Millions of BitTorrent users can breathe a sigh of relief today. The patent lawsuit against BitTorrent Inc., the makers of uTorrent and the BitTorrent Mainline client, has been dropped. Tranz-Send Broadcasting Network voluntarily dismissed the case against BitTorrent Inc., which it orginally accused of violating a file-sharing related patent.
In June, Tranz-Send Broadcasting Network filed a complaint where it alleged that BitTorrent Inc. was infringing on a patent originally filed in April 1999.
The San Francisco based company claimed to have suffered significant losses and demanded compensation for the ongoing patent infringement.
The original patent at the center of the lawsuit is titled “Media file distribution with adaptive transmission protocols.” It describes a file-sharing system consisting of a file database, a transfer client and a distribution server.
“By making, operating, using and/or selling [uTorrent and BitTorrent Mainline] and or other software, BitTorrent has infringed and continues to infringe, contribute to the infringement, or induce the infringement of at least claim 1 of the ’944 patent,” the complaint read.
Judged by a layman’s eye the patent did not appear to apply to BitTorrent, but depending on the judge’s decision the case could have a disastrous impact on the BitTorrent community. More than 100 million people use uTorrent every month, half of all active BitTorrent users in the U.S. and Europe.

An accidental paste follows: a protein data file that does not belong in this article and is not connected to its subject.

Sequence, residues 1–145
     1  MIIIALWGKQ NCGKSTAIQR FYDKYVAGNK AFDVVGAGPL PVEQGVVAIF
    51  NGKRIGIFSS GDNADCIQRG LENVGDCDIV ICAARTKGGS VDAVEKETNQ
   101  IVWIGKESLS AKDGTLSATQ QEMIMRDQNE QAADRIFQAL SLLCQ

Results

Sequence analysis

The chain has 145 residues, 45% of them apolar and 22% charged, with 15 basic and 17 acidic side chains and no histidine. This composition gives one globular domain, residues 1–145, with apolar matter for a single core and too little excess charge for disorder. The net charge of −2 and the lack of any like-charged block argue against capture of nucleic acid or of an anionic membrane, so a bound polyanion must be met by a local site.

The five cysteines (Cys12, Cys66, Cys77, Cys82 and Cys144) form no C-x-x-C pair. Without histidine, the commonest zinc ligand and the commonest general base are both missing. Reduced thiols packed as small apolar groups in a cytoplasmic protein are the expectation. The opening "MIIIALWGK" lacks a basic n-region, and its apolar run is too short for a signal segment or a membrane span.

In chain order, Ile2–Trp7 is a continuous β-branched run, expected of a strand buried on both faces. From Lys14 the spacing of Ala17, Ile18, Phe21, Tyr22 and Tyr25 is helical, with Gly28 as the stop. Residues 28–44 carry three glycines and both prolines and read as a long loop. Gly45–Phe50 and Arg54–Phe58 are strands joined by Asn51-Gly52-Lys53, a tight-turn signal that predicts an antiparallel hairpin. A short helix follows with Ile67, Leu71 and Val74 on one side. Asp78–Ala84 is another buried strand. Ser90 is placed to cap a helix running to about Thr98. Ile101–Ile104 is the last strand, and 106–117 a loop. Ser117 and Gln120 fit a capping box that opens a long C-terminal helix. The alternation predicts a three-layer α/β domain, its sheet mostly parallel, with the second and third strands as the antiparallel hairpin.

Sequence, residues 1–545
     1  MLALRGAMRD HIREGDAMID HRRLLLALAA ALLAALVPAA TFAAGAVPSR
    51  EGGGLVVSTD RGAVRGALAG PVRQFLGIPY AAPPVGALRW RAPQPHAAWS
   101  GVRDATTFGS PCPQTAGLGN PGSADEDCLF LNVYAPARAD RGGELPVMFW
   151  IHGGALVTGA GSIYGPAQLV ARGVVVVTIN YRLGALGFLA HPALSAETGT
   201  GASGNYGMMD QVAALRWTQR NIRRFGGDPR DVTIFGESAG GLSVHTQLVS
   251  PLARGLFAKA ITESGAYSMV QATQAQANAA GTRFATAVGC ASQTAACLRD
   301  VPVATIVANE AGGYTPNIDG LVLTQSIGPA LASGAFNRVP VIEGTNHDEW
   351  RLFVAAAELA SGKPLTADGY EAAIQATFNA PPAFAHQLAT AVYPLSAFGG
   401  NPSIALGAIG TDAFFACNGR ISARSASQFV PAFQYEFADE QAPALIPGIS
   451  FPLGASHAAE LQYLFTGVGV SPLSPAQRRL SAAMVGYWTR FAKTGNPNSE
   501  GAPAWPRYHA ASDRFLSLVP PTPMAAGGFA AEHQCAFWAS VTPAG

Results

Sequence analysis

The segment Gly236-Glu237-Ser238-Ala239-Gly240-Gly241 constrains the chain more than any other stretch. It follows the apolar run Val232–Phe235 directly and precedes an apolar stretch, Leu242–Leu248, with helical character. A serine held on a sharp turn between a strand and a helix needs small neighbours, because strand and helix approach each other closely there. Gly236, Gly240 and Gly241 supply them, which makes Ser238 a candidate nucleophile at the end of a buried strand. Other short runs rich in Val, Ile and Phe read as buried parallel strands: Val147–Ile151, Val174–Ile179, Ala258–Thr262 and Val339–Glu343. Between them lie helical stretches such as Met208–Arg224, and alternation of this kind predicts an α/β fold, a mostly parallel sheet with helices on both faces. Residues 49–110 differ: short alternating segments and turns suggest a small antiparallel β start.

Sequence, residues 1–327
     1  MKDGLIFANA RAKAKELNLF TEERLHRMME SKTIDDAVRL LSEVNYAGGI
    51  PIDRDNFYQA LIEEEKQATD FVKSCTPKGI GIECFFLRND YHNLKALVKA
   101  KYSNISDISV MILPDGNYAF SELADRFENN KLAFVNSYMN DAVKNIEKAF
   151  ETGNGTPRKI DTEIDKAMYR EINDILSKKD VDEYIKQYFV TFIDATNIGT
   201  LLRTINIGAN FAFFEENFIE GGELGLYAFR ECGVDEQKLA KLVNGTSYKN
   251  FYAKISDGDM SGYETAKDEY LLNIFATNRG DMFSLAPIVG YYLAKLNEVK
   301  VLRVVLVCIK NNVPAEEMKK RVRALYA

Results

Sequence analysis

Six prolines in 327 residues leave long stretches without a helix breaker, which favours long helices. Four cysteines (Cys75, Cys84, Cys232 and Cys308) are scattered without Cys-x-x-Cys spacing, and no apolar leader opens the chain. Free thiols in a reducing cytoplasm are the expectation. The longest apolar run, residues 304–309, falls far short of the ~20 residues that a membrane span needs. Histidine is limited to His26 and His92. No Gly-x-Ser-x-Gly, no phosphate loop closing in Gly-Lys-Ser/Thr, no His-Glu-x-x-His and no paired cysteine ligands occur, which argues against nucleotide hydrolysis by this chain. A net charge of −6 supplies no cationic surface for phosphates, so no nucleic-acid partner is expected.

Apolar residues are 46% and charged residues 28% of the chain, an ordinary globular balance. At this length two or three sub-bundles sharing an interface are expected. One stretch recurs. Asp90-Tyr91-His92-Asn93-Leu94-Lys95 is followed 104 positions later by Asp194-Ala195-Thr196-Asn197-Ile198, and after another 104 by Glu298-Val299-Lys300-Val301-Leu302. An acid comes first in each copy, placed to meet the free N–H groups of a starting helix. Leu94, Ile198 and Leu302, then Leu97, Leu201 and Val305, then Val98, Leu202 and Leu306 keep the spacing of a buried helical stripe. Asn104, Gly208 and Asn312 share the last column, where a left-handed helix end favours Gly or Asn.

Luckily for them, it didn’t go that far.
Last week District Court Judge William Alsup signed a joint motion to dismiss the case with prejudice, meaning the case is closed and can’t be refiled in the future. Each party further agreed to bear its own attorney fees and other costs. Additional details on the motivations behind the dismissal were not provided.
BitTorrent Inc. is happy with the outcome but didn’t wish to comment any further on the case.
“We were very pleased that the plaintiff dismissed its case with prejudice,” was all the company’s spokesperson told TorrentFreak.
Tranz-Send Broadcasting Network have also dismissed the case against Kontiki Inc., who it accused of a similar patent violation.
Kontiki offers a media content delivery technology that is hybrid of central servers and P2P transfers. Unlike BitTorrent Inc, Kontiki’s user base mostly consists of businesses who can use the software to stream and distribute video. According to the complaint, this software also infringes on the aforementioned patent.
The dismissal comes as a surprise. Court documents filed two weeks ago show that Tranz-Send anticipated that the case would be heard by a jury during a full trial. BitTorrent and Kontiki on the other hand preferred an early summary judgment and requested compensation for the costs they incurred during the process.
Despite the above and for reasons unknown, all parties eventually decided that dismissing the case was the best option.